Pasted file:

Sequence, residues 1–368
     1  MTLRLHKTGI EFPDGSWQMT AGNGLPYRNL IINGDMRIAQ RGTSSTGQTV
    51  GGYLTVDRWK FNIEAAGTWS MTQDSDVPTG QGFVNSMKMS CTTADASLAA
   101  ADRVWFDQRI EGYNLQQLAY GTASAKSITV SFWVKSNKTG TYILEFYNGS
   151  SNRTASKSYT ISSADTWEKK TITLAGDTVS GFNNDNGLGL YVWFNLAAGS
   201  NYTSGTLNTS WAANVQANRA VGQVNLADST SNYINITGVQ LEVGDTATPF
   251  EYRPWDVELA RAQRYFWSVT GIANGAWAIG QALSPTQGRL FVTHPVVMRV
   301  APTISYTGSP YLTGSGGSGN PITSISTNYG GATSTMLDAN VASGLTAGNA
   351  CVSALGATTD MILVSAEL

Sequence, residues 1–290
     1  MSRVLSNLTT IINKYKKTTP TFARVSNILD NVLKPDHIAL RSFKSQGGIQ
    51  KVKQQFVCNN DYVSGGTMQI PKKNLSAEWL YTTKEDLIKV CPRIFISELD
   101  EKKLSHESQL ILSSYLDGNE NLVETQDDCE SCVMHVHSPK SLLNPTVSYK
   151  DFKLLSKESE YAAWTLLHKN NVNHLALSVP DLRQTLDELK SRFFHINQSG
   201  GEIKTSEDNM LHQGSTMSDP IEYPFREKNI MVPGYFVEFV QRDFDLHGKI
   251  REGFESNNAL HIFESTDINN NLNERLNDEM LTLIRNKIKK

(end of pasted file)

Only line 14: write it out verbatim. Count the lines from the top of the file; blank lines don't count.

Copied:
   151  DFKLLSKESE YAAWTLLHKN NVNHLALSVP DLRQTLDELK SRFFHINQSG